Your favorite hair products may be emitting chemicals that could be dangerous to your health, according to researchers

  • Siloxanes, also known as silicones, have been linked to health issues in lab animals.

  • Researchers found that many haircare products like oils and sprays emit siloxanes.

  • They also found that using these products with heated tools increased these emissions.

There's no shortage of products for shiny, frizz-free hair. But the same cream that smooths flyaways produces emissions that might also impact your health, according to a study published in Environmental Science & Technology on November 16.

Taking place in a ventilated "tiny house laboratory," the study's researchers had healthy participants ages 18-65 replicate the hair care routines they did at home. The researchers found that many hair oils, gels, and sprays contain compounds called siloxanes that could harm human health — and heat tools could make the emissions worse.

Siloxanes are "ubiquitous" in hair products

Siloxanes, commonly known as silicones, are volatile organic compounds (VOCs) that are "ubiquitous" in hair products, according to the study. Because they are stable under heat and have a smooth texture, they can be found in everything from heat-protectant sprays to styling creams.

Previous research has found that exposure to VOCs has been shown to cause respiratory tract irritation, liver damage, and uterine cancer in laboratory animals. The study notes that the health impacts on humans, however, are still not understood.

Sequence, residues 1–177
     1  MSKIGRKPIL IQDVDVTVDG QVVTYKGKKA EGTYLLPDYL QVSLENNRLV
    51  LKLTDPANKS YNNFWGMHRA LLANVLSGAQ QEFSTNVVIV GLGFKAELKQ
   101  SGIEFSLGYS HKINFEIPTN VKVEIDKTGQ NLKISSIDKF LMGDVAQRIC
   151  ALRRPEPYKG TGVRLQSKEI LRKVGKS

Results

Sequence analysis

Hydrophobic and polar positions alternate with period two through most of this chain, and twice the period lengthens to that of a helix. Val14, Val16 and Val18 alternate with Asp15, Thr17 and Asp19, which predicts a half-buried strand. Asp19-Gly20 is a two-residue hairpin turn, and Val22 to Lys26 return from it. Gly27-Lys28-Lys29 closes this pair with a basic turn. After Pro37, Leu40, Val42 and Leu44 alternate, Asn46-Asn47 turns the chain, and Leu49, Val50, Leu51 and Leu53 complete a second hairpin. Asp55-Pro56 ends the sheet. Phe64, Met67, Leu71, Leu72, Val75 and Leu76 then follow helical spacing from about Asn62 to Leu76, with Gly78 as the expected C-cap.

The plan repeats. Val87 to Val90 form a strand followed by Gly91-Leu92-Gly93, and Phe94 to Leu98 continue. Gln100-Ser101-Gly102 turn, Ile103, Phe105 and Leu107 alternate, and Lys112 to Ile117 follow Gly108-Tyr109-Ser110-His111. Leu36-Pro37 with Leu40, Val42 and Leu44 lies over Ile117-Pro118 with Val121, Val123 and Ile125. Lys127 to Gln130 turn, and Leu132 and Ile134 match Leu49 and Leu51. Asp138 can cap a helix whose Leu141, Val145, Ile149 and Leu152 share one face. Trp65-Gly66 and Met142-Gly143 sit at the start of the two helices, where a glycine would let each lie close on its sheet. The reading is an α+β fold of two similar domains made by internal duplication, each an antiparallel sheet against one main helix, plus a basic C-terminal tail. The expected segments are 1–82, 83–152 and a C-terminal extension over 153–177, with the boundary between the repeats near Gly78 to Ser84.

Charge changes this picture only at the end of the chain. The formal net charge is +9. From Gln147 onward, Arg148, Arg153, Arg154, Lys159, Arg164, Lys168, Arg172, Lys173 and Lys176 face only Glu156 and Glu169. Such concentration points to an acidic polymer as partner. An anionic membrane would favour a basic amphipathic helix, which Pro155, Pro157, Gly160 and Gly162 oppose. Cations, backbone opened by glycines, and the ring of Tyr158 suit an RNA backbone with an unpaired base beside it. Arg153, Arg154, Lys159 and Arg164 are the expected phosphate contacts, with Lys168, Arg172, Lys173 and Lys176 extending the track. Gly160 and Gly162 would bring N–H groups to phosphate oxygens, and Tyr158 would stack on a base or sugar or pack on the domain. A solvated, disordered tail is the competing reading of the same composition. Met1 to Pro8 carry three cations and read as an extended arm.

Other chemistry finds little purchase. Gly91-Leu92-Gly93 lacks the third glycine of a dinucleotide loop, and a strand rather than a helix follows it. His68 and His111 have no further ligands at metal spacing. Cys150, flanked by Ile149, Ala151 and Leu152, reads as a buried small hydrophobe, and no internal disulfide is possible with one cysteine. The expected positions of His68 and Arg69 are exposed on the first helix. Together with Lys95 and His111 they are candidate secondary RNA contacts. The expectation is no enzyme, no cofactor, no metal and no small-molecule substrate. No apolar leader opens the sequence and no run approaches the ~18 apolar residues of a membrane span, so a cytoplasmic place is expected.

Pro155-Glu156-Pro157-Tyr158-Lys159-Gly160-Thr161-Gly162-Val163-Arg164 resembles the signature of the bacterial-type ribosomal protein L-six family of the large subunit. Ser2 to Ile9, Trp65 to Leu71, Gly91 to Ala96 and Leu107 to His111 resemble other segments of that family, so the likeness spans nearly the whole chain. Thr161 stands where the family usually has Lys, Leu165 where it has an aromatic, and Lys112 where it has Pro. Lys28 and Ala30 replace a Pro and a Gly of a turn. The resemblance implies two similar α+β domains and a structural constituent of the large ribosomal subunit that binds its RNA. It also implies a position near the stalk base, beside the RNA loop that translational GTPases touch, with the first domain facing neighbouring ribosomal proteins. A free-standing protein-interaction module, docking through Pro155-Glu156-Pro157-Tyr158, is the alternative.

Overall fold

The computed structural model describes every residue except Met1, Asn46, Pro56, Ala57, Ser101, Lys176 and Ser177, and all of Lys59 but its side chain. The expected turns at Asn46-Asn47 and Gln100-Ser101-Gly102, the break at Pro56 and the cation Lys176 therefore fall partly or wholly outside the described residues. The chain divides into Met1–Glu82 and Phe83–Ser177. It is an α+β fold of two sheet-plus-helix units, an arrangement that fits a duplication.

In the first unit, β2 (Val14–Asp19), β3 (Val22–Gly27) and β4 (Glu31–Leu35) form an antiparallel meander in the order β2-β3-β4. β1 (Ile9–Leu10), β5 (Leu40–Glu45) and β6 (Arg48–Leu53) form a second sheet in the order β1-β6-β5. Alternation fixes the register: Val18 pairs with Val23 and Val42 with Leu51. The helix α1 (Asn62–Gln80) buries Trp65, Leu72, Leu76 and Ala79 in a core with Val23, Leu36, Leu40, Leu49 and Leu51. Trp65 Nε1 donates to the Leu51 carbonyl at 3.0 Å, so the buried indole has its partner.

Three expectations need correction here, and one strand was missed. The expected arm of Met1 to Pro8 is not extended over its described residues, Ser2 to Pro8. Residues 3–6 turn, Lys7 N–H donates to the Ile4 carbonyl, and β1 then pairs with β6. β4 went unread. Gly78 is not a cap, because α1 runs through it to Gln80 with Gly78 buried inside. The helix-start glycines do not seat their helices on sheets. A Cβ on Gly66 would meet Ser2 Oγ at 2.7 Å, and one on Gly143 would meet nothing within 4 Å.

In the study, researchers measured VOC emissions during participants' typical hair care routines. They also had participants use the same products with and without heat tools to see if temperature made a difference.

Heat tools increase emissions

Researchers found that using heat tools like straighteners and curling irons increased VOC emissions by up to three times as much when used at the highest setting. They believe the heat allows siloxanes to evaporate more easily.

The researchers also noted that these emissions might also affect urban atmospheres, though the degree to which they would impact the total outdoor environment is unclear.

More research is needed on the long-term effects

The study concluded that more research on siloxanes is "urgently needed," given how many hair products use them.

In the meantime, the study found that having ventilation, such as a bathroom fan, reduced VOC exposure. It also noted that exposure increased if participants stayed in the same room after finishing their hair care — so to be extra safe, do your skincare routine before your hair routine.

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